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$16 PER HOUR to be sexually assaulted and threatened: Alleged life of a rideshare driver

Tony Yoo
TWU and rideshare drivers protest in front of Uber's Melbourne office. (Image: supplied)
TWU and rideshare drivers protest in front of Uber's Melbourne office. (Image: supplied)

Australian rideshare drivers and the Transport Workers Union joined a global protest outside Uber offices in Melbourne, Sydney and Brisbane on Wednesday to demand "fairness and safety".

Uber is preparing to become a public company in the US, which will raise up to US$9 billion and value the business at US$91 billion.

"Drivers around the world are getting ripped off. Now the loss-making Uber says drivers can expect things to get worse as it tries to encourage investors to buy its shares," said TWU co-ordinator Tony Sheldon.

"For drivers this is a disaster and means they will struggle even further."

A rideshare driver survey conducted by TWU last year showed 37 per cent had received threats, 10 per cent had been physically assaulted and a disturbing 6 per cent had been sexually assaulted.

This was in return for an average of $16 per hour of pay before costs like fuel and insurance were taken out.

"Rideshare drivers have faced deaths threats from passengers towards them and their families, rape threats, sexual assault, being punched in the face, held at knifepoint, had their car windows broken, their cars stolen and have received racial abuse," stated the TWU.

"They have been immediately deactivated from the rideshare apps when passengers leave wallets in their cars or when passengers make entirely false reports, destroying livelihoods. Almost two-thirds of drivers have had false reports by passengers."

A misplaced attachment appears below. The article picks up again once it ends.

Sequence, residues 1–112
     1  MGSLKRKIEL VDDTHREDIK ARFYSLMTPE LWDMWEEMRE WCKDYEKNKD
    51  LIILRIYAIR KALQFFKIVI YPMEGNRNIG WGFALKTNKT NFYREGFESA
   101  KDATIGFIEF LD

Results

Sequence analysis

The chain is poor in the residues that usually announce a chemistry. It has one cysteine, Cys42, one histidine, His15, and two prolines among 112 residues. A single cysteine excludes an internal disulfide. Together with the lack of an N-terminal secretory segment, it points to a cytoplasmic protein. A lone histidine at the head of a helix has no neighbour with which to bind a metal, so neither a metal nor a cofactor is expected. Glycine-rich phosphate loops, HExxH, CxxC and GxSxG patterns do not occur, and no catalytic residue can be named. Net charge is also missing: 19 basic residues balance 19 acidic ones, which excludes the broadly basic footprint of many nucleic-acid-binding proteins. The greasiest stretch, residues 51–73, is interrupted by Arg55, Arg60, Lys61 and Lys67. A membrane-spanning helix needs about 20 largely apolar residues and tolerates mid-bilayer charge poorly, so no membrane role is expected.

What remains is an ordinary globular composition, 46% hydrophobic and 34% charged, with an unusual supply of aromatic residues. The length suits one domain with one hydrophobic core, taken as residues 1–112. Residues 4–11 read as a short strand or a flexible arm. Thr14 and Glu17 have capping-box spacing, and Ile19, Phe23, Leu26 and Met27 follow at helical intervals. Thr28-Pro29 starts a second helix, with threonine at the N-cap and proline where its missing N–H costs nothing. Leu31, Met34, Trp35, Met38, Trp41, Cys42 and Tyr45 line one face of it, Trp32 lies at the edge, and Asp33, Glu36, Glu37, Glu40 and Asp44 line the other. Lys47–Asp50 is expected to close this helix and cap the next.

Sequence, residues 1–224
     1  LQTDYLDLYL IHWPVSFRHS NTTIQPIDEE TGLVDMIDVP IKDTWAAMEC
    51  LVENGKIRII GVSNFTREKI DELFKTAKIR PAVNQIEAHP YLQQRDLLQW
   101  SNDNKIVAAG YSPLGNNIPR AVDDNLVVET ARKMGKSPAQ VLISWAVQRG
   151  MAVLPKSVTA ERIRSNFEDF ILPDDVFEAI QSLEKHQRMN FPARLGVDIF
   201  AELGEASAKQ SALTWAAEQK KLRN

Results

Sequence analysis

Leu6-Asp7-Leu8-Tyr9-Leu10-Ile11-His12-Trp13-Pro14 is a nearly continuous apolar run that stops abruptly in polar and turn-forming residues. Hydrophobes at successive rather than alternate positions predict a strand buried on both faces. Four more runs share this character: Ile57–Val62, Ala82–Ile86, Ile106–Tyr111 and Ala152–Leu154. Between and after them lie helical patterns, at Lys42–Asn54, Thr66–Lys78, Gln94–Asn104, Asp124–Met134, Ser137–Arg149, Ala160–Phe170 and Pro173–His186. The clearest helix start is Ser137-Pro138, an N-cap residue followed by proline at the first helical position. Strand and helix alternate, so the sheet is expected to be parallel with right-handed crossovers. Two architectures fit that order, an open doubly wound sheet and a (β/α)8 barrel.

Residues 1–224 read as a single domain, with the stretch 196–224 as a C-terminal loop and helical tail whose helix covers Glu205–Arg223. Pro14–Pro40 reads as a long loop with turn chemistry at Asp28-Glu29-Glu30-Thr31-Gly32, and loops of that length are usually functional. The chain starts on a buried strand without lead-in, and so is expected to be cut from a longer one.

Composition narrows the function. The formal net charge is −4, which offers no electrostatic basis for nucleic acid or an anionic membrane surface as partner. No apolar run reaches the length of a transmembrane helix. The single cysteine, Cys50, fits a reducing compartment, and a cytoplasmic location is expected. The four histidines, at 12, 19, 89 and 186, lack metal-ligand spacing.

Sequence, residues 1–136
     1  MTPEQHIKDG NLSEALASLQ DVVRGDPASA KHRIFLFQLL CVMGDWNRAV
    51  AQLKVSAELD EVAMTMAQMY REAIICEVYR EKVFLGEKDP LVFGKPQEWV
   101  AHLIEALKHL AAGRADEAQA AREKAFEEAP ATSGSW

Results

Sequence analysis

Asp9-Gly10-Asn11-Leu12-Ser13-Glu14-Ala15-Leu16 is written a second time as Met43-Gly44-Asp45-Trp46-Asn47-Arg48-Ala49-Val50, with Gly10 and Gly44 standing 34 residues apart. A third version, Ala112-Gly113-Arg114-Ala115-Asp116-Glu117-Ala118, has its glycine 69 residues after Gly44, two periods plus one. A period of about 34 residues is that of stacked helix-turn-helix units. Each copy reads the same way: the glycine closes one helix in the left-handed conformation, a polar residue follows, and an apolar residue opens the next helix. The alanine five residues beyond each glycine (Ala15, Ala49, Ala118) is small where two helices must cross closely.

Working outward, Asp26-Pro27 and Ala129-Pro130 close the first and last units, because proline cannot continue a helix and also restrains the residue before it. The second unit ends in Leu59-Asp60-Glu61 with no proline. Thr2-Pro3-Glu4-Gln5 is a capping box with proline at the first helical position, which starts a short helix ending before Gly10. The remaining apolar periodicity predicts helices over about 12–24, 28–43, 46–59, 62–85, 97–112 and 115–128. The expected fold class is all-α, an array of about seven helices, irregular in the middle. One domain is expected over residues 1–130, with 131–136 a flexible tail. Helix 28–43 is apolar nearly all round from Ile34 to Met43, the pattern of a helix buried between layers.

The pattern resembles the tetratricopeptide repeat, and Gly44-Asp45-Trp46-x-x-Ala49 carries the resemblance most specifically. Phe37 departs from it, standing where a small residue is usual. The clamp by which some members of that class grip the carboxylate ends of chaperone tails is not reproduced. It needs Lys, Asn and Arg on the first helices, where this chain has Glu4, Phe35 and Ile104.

Just this week NRL player Michael Chee Kam was convicted of assaulting a rideshare driver in eastern Sydney last last year.

An Uber Australia spokesperson told Yahoo Finance that the TWU survey was outdated, and referred to a Alphabeta report that showed the average Sydney driver receives $29.46 before costs and $21 per hour after costs.

"Violence is not tolerated and is in clear violation of our Community Guidelines. We publish our community guidelines on our website which outline the standards we uphold and how riders can lose access to the app including for discriminatory, racist or violent behaviour," the spokesperson said.

"When a rider or a driver-partner makes any allegation, Uber's 24/7 incident response team will investigate both sides and take any necessary action."

The Uber Australia spokesperson also mentioned that free on-trip accident insurance is now provided to Australian drivers, as well as a counselling service.

"We also recently announced new safety features, including an in-app emergency assistance button for all riders and driver-partners across Australia," said the spokesperson.

"We have a team of former law enforcement professionals who are on call to work with police 24/7 to respond to urgent needs and assist in investigations."

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